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Over the past few weeks there has been uproar within the classical music world after the National Musicians Church, St Sepulchre-without-Newgate in Holborn, announced it would no longer be taking bookings of a non-religious nature from 2018.

The Church is where Sir Henry Wood, founder of the BBC Proms, is buried. It is also the home to a book of remembrance for musicians and windows commemorating singer Dame Nellie Melba and composer John Ireland. It has been known as the National Musicians Church for more than 70 years and is a prominent concert venue and rehearsal space that has been used by all types of musicians. Assurance had to be provided in 2013, after the appointment of Reverend David Ingall to the church, as many musicians were worried that the new priest would change the ethos of St Sepulchre as it was known. The recent move has therefore proven the need for this worry and has sparked a coming together of influential musicians to try and prevent the ban.

Since the new appointment of Reverend Ingall, the church has become part of the network founded by evangelical church Holy Trinity Brompton. The ‘evangelical group is known for its youth friendly rock-band style of worship’ and hosts the ever popular Alpha courses.  Reverend Ingall has stated in response to the reaction to the new ban; “Our ministry as the National Musicians’ Church continues to be a core part of our church’s identity and vision… While its expression may be changing, that underlying vision remains unchanged.” This, however, hasn’t settled the minds of leading musicians who believe that the “abrupt move was made without consent.”

In response to the ban on secular bookings, Richard Robbins started a petition to try and reverse the decision. He stated that “the church was particularly valued by musicians because of its heritage and for practical reasons.” He is helping to form a committee to “put forward a positive vision of what the Musicians Church actually is and to try and find a way that both music and ministry can co-exist together in a very open way.”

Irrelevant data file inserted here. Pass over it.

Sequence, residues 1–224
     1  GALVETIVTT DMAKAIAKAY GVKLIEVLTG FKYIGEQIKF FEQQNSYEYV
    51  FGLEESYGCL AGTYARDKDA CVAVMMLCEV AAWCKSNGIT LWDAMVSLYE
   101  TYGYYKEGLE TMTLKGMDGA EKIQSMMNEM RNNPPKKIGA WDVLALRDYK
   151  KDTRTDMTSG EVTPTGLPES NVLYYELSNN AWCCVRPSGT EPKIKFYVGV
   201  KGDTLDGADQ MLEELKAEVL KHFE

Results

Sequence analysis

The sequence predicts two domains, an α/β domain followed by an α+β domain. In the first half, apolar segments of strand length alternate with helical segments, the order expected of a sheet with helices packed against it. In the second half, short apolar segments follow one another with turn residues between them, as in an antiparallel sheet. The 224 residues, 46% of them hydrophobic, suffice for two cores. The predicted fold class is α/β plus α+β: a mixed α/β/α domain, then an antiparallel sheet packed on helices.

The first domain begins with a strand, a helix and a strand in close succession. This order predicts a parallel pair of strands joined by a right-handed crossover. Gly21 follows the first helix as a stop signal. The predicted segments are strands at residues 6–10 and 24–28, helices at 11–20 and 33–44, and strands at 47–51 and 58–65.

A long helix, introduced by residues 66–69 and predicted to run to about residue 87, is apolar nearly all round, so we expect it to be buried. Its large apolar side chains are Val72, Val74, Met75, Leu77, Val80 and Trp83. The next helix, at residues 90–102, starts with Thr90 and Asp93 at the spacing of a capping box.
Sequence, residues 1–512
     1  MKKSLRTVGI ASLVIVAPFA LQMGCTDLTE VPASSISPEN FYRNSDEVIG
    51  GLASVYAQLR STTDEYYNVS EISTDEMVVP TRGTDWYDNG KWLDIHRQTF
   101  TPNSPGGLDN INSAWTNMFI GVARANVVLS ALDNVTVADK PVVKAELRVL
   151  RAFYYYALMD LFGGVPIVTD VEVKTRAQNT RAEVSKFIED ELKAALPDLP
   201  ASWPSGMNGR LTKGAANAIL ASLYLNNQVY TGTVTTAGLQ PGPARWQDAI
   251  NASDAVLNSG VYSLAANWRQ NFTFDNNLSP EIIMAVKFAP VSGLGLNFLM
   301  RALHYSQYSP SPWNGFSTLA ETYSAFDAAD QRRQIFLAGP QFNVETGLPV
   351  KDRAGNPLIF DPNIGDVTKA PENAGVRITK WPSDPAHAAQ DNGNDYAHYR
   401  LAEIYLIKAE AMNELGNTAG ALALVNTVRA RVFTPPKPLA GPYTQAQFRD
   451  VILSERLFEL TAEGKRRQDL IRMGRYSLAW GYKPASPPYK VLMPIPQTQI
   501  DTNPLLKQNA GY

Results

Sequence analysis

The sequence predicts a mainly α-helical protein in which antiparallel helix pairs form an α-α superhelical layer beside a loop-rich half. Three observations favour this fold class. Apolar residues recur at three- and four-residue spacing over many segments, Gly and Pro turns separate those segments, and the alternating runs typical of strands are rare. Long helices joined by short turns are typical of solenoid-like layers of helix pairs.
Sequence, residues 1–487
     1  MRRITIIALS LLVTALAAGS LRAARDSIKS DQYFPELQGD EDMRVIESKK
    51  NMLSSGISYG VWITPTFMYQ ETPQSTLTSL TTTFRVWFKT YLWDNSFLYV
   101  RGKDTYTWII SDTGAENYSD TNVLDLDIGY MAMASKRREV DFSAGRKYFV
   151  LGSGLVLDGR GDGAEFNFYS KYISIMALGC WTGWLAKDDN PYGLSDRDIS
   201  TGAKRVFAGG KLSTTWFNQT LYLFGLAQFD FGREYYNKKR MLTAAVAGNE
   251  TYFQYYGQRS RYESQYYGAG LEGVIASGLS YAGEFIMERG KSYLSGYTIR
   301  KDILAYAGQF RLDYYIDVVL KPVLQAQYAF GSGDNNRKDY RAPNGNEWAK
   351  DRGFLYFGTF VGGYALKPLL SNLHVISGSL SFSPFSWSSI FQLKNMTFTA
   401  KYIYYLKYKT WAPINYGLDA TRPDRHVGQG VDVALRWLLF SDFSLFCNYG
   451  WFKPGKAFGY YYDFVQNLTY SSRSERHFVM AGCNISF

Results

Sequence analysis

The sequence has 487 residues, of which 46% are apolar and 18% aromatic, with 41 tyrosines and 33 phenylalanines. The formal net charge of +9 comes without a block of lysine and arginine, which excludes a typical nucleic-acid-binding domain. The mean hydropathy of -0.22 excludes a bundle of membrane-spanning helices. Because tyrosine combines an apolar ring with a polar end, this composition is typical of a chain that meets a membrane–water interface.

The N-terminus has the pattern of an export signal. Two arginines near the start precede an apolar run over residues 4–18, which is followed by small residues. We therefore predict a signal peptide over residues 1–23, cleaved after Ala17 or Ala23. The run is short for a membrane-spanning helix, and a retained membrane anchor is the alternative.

Photo credit: Making Music

This has consequently led to more than 50 musicians, including top composers, performers, and directors of music at cathedrals, to write a letter to The Guardian protesting against St. Sepulchre’s plans to ban non-sacred concerts. In the letter they state; “the unique ‘mission’ for St. Sepulchre’s has been to musicians, providing a welcoming space and encouraging them to be involved in running the parish. That its custodies are now willing to abandon this unique national cultural remit is difficult to understand and harder to accept.” Among those who signed the letter were Sir James MacMillan, John Rutter, Suzi Digby, Julian Lloyd Webber and Judith Weir.

Reverend Ingall has stated that “in the coming weeks we will reflect and pray, and consult with members of the musicians’ community about how best to fulfil that ministry moving forward.” The final outcome has not been announced yet, but we can hope that the hard work of Richard Robbins to start the petition and the influential musicians pays off.

Update: Over 7,000 people have signed the petition. Read all updates here.

(Written on August 29, 2017 )

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(Written on January 29, 2014 )